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A trip to the ER, aka, the day the shit hit the fan

A Trip to the ER, aka, the Day the Shit Hit the Fan

Six years ago (April 19, 2010), I decided to get my ass to the ER due to what I thought were heart attack symptoms. I was visiting my dad at the time trying to help him out with some spring cleaning. My dad lives about three hours from my house, so when I think back on it, it was a pretty dumb decision I made that day to hop in my car, drive home (alone) and head to the ER. What if it had been a heart attack, for crying out loud? 

I figured it was a slow-onset-of-symptoms sort of heart attack. That’s how I rationalized things at the time anyway.

When I stood in front of the receptionist later that day to check myself in at the ER, I never in my wildest dreams considered I might have cancer.

Who would, right?

Regardless, that was the day the shit hit fan.

One thing led to another (you can read the details in my memoir if you want) as the ER doctor ruled out a heart attack.

Then cancer got ‘ruled in’, or more accurately, the possibility of cancer. Call it intuition or whatever you want, at that point, I think I already knew it was more than a possibility.

After having a CT scan in an almost unbearably cold room, that ER doctor re-entered (for the umpteenth time) the exam room I was anxiously waiting in with a somber expression on his face, and right then and there, I knew it was serious. His demeanor said it all.

“We found a mass in your left breast,” he informed me. “It’s about an inch in diameter.”

I remember thinking, gosh, you don’t wanna waste any time do you?

Of course, he said a whole bunch of other things, but I have no idea what they were. The only words that stuck (and still do) were mass, breast and inch.

Oh and these words, we need to get you in for a diagnostic mammogram right away. Yeah, I remember those words too.

I couldn’t help wondering if maybe a heart attack might have been better. I don’t mean to minimize heart attacks; that’s just the thought that popped into my head at the time.

Yep…

That was the day the shit hit the fan.

When did the shit first hit the fan for you?

Did you “know” you had cancer before you “knew” for sure?

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A trip to the ER, aka, the day the shit hit the fan

 

 

 

33 thoughts on “A Trip to the ER, aka, the Day the Shit Hit the Fan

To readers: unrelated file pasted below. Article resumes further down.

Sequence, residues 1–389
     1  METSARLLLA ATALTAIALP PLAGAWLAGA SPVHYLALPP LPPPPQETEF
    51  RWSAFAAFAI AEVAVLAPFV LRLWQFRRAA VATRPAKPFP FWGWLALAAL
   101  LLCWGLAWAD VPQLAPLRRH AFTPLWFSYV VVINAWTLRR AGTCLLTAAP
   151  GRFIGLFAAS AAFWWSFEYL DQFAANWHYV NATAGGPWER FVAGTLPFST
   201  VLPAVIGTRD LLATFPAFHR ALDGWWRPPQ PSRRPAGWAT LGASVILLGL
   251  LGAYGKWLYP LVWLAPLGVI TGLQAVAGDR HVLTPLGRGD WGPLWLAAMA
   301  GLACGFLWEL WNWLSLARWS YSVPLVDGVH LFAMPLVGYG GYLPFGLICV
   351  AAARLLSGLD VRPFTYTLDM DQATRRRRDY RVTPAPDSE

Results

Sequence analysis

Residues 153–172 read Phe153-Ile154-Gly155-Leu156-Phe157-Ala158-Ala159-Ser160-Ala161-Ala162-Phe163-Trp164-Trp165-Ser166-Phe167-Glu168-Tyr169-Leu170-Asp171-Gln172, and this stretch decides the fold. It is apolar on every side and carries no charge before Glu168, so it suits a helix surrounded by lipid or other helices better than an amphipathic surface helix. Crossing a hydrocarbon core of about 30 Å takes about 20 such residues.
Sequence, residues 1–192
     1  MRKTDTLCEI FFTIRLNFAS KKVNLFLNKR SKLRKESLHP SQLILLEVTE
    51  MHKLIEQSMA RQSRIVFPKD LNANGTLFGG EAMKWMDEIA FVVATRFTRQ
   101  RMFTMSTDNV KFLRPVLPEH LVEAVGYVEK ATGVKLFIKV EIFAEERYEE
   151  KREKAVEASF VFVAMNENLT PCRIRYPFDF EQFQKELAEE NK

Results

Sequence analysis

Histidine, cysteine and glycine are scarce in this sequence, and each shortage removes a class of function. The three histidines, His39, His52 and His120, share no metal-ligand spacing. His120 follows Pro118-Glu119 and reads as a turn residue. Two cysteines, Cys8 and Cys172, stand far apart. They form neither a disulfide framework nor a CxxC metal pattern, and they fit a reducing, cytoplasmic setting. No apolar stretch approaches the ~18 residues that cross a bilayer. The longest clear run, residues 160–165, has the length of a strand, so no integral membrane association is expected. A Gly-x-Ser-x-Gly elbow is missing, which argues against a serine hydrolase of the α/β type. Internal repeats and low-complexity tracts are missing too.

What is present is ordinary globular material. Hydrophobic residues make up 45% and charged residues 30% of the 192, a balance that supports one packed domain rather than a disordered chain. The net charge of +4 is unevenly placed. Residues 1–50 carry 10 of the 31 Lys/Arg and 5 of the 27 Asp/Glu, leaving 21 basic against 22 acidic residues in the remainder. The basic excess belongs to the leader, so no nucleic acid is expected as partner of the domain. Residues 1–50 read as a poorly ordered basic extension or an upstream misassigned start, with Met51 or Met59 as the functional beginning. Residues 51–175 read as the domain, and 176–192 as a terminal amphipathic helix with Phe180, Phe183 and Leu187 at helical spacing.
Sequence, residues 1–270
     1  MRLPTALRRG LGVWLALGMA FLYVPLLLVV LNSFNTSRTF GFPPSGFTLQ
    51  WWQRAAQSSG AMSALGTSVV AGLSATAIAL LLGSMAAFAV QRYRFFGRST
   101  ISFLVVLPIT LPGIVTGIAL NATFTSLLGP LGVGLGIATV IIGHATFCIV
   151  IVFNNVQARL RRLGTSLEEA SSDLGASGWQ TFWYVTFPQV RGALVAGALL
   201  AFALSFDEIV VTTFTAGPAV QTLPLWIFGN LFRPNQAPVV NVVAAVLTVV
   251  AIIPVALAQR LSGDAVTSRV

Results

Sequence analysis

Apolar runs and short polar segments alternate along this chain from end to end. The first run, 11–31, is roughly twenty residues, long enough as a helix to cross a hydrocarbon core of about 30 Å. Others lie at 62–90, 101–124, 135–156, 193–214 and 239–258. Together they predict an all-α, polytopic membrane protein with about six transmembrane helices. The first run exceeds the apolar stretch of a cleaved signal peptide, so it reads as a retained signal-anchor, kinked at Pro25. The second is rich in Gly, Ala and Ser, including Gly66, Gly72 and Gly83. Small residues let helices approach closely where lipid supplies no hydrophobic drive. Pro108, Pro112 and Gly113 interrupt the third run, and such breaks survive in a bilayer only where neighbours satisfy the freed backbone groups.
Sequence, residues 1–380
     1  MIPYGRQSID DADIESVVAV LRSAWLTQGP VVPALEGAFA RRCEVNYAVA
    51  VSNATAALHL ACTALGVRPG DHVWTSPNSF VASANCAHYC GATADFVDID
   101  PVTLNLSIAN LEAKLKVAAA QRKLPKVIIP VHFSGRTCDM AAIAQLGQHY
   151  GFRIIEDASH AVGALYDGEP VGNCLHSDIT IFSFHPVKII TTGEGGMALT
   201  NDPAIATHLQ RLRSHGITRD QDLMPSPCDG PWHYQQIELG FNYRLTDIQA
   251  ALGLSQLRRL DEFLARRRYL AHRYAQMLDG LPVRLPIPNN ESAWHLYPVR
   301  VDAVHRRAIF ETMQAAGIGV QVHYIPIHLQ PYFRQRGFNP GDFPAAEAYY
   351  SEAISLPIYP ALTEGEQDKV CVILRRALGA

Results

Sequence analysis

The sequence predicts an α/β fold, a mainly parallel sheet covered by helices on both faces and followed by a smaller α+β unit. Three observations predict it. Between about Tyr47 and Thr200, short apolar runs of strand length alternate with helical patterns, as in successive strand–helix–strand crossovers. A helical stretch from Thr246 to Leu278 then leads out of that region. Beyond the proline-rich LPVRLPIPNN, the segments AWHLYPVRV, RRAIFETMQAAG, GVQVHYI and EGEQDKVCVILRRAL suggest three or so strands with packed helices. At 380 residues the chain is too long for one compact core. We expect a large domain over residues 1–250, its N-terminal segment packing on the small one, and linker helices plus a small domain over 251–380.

1. Hi Nancy,

    Your memoir covers this so well. Prior to reading your excellent memoir, I had no idea that this was how your cancer was discovered. It’s really a good thing you went to the ER. And, yes, why do we always have to be ushered into incredibly cold rooms?

    I found my cancer while doing a routine monthly breast exam. When I was doing the mirror part of the test, I saw a dimple on my right breast. I knew, just knew it was cancer, although I tended to be a bit of a hypochondriac. So for two weeks, I kept telling myself that I was a hypochondriac, but I cried a lot, thinking it was cancer. I finally made an appointment with my gynecologist, who hadn’t detected it in a recent breast exam and had my negative mammogram results. He reassured me that it probably wasn’t cancer, but he referred me for a diagnostic mammogram, just in case.

    I left his office so happy because he said it probably wasn’t cancer, and I held on with a false sense of security. But then the diagnostic mammogram date came, and there I was in a freezing room, and the only magazine there was was one with an article on how a woman died young from breast cancer.

    Yeah, really good reading, while I was awaiting my fate.

    When the technician kept coming back for more shots of my right breast and told me the radiologist wanted to see different angles, I knew. Then the radiologist met with me and said, there was a mass in my right breast, but it could be benign. I would need a biopsy.

    And that’s where the medical shit really hit the fan. I really knew it all along.

    Great post, Nancy.

    1. Beth, It’s interesting how you seemed to know all along. Might be something to intuition after all. And gosh, how horrible to read that article while you sat there waiting. Geez… Thank you for sharing.

  2. what a shit trip to the ER 🙁

    I knew I was going to have cancer, i had blood coming out of my nipple in november 2014 and after a visit to the doctor it was dismissed as nothing to worry bout, but then at 22 weeks pregnant in May 2015 I found a lump and I was still having blood coming out of the nipple.. I just knew then that with both symptoms combined it had to be cancer and unfortunately it was!